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George Clasonr

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George Clason's

The Richest Man in Babylon

"Evolution is better than Revolution. New Thought Library's New Thought Archives encompass a full range of New Thought from Abrahamic to Vedic. New Thought literature reflects the ongoing evolution of human thought. New Thought's unique inclusion of science, art and philosophy presents a dramatic contrast with the magical thinking of decadent religions that promulgate supersticions standing in the way of progress to shared peace and prosperity." ~ Avalon de Rossett

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About George - Foreword - Historical Sketch of Babylon - The Man Who Desired Gold - The Richest Man In Babylon - p.20 - Seven Cures For a Lean Purse - First Cure - Second Cure - Third Cure - Fourth Cure - Fifth Cure - Sixth Cure - Seventh Cure - Meet the Goddess of Good Luck - Five Laws of Gold - The Laws - First Law - Second Law - Third Law - Fourth Law - Fifth Law - Gold Lender of Babylon - Walls of Babylon - Camel Trader of Babylon - Clay Tablets From Babylon - Tablet No. I - Tablet No. II - Tablet No. III - Tablet No. IV - Tablet No. V - The Luckiest Man In Babylon - Contents -


Chapter 5 - The First Cure - p.34

Start thy purse to fattening.

Arkad addressed a thoughtful man in the second row. "My good friend, at what craft workest thou?"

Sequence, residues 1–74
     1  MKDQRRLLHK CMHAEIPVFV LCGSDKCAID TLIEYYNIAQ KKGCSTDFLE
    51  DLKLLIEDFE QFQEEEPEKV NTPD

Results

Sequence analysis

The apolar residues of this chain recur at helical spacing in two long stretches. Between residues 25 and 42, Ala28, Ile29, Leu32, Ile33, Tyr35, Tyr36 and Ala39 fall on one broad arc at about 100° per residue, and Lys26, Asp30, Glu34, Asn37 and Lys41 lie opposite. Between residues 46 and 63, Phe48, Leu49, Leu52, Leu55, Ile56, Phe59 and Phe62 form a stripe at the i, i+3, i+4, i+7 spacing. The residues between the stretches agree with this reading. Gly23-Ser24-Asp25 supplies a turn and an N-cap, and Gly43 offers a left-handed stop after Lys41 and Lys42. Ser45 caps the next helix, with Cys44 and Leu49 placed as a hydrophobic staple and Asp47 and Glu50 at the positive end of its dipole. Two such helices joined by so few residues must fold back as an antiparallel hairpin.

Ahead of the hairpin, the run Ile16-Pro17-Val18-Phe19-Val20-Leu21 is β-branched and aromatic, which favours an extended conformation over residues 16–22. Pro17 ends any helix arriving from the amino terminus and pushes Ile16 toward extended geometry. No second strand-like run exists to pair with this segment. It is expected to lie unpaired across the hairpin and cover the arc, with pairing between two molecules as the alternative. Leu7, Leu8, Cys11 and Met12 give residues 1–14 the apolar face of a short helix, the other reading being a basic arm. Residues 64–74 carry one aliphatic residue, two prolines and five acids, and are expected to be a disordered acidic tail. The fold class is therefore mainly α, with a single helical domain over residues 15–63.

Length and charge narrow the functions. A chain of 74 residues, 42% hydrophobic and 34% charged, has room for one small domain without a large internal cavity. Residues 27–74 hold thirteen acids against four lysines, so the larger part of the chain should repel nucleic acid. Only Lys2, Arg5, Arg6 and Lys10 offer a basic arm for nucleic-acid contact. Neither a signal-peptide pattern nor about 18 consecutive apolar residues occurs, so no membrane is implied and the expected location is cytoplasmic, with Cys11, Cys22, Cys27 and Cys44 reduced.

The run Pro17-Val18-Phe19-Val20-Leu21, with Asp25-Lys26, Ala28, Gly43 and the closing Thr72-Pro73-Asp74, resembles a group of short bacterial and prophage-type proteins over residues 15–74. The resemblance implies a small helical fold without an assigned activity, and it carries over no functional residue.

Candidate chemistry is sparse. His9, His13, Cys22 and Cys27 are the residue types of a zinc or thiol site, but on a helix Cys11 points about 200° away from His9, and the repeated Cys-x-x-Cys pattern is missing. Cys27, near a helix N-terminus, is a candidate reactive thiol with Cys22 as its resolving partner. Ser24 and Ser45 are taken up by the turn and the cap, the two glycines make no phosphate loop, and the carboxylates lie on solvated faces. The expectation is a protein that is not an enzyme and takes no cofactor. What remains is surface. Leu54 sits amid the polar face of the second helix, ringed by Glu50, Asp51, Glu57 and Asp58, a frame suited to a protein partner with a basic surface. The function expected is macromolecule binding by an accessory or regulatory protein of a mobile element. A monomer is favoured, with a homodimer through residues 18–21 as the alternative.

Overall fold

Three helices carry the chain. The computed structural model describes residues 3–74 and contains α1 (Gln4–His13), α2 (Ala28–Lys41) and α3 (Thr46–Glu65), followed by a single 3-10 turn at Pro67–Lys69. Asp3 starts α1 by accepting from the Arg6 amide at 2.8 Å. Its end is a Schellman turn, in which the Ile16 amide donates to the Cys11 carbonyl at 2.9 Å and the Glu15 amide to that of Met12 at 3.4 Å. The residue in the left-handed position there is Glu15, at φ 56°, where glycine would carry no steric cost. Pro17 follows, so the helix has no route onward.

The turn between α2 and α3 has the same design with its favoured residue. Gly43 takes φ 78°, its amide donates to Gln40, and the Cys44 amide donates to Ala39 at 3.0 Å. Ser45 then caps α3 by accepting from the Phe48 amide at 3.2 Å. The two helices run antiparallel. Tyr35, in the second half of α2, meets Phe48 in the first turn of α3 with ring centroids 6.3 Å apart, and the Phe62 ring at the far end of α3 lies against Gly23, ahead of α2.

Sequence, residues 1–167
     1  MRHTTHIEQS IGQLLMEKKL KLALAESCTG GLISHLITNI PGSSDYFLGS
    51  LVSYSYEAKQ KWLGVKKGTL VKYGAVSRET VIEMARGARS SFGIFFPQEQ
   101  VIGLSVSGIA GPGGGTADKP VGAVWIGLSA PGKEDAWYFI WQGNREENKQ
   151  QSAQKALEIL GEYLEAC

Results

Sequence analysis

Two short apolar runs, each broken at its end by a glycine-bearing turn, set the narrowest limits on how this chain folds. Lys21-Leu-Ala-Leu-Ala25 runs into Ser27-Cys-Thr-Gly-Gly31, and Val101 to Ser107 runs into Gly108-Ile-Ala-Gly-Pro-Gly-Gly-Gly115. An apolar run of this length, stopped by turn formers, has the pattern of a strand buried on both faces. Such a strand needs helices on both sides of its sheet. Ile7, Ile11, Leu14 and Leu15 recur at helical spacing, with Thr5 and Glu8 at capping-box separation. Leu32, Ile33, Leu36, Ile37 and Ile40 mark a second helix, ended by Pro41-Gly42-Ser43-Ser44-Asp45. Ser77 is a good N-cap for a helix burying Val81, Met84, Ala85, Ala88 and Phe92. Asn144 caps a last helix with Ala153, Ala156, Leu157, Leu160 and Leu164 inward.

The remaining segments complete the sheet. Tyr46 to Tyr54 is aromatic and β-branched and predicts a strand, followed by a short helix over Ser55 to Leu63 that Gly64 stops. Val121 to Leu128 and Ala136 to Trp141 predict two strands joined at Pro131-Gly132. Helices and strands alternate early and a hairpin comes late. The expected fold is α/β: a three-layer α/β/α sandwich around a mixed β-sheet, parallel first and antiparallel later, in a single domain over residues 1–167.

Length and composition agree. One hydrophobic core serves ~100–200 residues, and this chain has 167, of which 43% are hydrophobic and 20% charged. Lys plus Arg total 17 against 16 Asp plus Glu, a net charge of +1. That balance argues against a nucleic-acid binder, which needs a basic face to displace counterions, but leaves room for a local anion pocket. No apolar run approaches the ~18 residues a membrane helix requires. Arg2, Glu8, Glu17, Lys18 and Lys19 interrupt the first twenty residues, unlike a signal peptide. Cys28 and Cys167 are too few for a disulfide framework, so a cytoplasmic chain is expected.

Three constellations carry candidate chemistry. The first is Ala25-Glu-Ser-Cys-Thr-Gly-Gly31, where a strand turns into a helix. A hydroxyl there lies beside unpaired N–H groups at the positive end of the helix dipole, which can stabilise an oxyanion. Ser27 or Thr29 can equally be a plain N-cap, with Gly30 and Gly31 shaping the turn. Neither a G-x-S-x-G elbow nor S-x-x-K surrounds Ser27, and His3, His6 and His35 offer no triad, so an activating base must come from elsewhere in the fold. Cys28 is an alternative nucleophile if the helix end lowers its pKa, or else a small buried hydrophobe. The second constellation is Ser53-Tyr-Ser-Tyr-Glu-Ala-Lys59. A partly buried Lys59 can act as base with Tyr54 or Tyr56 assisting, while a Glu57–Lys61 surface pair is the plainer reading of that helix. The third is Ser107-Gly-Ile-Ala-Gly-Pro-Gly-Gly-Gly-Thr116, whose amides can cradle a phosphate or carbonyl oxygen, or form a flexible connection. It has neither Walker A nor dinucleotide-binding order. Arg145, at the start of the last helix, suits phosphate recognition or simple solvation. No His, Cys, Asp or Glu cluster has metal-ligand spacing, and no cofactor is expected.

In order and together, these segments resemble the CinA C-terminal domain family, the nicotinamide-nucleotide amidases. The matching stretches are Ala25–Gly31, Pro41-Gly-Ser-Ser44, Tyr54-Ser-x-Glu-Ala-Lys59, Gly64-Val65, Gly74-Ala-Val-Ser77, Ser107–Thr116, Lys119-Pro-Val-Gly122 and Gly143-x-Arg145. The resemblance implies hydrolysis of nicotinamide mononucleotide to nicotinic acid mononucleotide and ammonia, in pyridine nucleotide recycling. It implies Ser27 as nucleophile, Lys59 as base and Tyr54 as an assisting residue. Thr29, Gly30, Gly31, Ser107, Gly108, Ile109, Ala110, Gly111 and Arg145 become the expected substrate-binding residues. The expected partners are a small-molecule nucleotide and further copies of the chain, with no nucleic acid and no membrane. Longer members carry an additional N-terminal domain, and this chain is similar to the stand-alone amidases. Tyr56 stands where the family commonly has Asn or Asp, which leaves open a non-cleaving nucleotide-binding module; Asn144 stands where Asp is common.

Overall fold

"I," replied the man, "am a scribe and carve records upon the clay tablets." "Even at such labor did I myself earn my first coppers. Therefore, thou hast the same opportunity to build a fortune."

He spoke to a florid-faced man, farther back. "Pray tell also what dost thou to earn thy bread?"

"I," responded this man, "am a meat butcher. I do buy the goats the farmers raise and kill them and sell the meat to the housewives and the hides to the sandal makers."

"Because thou dost also labor and earn, thou hast every advantage to succeed that I did possess."

In this way did Arkad proceed to find out how each man labored to earn his living. When he had done questioning them, he said:

"Now, my students, ye can see that there are many trades and labors at which men may earn coins. Each of the ways of earning is a stream of gold from which the worker doth divert by his labors a portion to his own purse.

Therefore into the purse of each of you flows a stream of coins large or small according to his ability. Is it not so?"

Thereupon they agreed that it was so. "Then," continued Arkad, "if each of you desireth to build for himself a fortune, is it not wise to start by utilizing that source of wealth which he already has established?"

To this they agreed.

Then Arkad turned to a humble man who had declared himself an egg merchant. "If thou select one of thy baskets and put into it each morning ten

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